Financial Fallacies: Advice New Entrepreneurs Should Avoid at all Costs

Starting a business can be complex, and those behind them can usually use a lot of advice. The problem is that much of the advice that they hear usually comes from those unqualified to give it.

Being successful at entrepreneurship requires a well-tuned instinct for logical advice and advice that makes no sense. You don’t have to necessarily be born with such filters, though: You can learn to recognize bad advice through practice.

Here are a few tips on the kinds of advice that you may hear, and hints on why they are bad.

Business people thinking about a business advice

Do market research and write a business plan

For the most part, planning and research are good ideas for business — when you shop around for investors, you do want to be able to show them proof of the homework that you’ve put in.

In certain kinds of startup, though, neither idea works well, because the product is too new for any meaningful consumer responses. A meaningful business plan can be hard to build without market research.

Focusing on forming a business plan can also be a poor idea when the product at hand needs much in development before it can actually turn viable. It can be hard to write a business plan for a product that needs an undefined amount of work. When it’s a tech product or idea, investors usually take young entrepreneurs on with or without a business plan and market research.

If you have an idea, launch a startup right away

With famous names such as Steve Jobs, Mark Zuckerberg and Bill Gates starting fantastically successful startups at a very young age after having dropped out of college, starting experience free has turned into a kind of mantra for success. In truth, though, their success came in spite of their having dropped out and started young, not because of it. The best way to success is still to build a strong base in formal education and work experience with an employer in a related field.

Aim big

Aiming for markets worth hundreds of millions may be very impressive to show friends and family. Such ideas do require large capital investments, though. Aiming for niche markets is usually a better idea for a startup simply because it’s easier to find investors. Being told to push for the big time hardly helps.

Telling entrepreneurs to raise large amounts of capital for no reason is a bad idea, too. This Bloomberg article offers some proof that startups do have problems staying focused on conserving their financial resources. Pre-revenue startups usually make do with very low valuations and capital, and it’s the right thing to do. According to consumer and business real estate agency, finding fancy office space too early is one of the side-effects of such overzealous searches for capital. Money tends to get wasted.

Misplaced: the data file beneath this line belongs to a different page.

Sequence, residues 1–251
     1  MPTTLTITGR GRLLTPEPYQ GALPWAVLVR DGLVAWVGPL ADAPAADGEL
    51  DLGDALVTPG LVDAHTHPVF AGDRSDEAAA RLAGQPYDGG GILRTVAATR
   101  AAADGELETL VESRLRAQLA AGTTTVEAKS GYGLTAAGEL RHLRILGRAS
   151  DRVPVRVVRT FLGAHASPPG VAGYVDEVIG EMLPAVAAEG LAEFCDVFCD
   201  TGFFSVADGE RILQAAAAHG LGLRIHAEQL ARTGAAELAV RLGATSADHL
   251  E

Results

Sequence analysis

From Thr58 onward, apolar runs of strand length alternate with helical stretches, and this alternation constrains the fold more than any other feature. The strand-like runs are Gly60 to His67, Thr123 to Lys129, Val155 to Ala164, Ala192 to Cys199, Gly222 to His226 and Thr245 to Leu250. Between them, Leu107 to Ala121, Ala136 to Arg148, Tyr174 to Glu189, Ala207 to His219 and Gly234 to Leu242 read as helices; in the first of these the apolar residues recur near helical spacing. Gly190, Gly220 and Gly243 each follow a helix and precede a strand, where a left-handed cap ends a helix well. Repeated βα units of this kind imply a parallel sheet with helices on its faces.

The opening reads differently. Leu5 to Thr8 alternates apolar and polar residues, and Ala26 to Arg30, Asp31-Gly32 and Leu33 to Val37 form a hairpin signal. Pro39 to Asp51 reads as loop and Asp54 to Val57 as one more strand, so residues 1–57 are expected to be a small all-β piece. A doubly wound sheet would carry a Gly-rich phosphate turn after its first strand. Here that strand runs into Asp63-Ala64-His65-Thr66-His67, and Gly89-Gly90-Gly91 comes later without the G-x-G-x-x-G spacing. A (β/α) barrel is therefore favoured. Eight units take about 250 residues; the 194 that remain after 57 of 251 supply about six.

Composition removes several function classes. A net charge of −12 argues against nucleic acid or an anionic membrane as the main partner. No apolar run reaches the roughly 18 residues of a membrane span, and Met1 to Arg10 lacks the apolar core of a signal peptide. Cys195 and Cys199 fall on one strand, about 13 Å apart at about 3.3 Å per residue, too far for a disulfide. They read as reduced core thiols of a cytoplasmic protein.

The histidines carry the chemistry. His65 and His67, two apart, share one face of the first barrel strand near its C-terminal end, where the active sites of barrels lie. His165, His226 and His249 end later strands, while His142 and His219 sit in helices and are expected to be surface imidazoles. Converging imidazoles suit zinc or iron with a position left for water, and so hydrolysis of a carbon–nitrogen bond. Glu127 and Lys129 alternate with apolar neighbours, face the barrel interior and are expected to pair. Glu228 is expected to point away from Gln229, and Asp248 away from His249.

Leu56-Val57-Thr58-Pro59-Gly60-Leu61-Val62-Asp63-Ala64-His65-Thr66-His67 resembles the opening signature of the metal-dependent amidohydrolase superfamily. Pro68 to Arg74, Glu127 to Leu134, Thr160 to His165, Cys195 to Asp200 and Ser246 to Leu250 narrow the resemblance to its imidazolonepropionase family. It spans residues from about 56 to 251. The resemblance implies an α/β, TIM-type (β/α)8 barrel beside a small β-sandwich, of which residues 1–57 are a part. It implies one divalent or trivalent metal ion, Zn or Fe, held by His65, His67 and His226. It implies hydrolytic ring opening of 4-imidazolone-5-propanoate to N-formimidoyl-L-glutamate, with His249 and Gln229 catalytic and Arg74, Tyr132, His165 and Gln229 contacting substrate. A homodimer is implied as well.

Just get started running a business, and you will find your feet

Just do it!

There is something to be said for getting into a situation to try it out rather than overanalyzing it. Nevertheless, it makes little sense to jump in without forethought. Businesses require teams with the right skills, financing, and backup plans. It can certainly be impossible finding financing and employees for business that doesn’t seem well-planned. The Nike slogan to “just do it,” while often repeated by inspirational speakers, doesn’t apply to businesses.

Just attend a mentorship program/entrepreneurship-in-residence program

With the wave of startup success seen all over the country today, colleges and local governmental organizations often feel pressured to do something that makes it look like they are keeping up. Usually, their idea is to arrange startup/entrepreneurship mentorship programs. They put bureaucrats with zero entrepreneurship experience in charge of these events, and sign up plenty of young people with ideas. More often than not, these events turn out to be thoroughly useless.

The mentors who show up at most such events tend to be lawyers trying to milk startups for a little money by offering contract consultation. They also feature investment bankers who want to offer advice in exchange for a piece of your company when you start it, IP lawyers who tell you to patent ideas that are not even patentable, and brokers who simply want to steal startup entrepreneurs’ ideas. It’s important to stay clear of these questionable programs, even if they are organized by reputable groups.

Instead, it makes sense to check out every program that interests you. You should only go if every expert in attendance is a bona fide entrepreneur himself.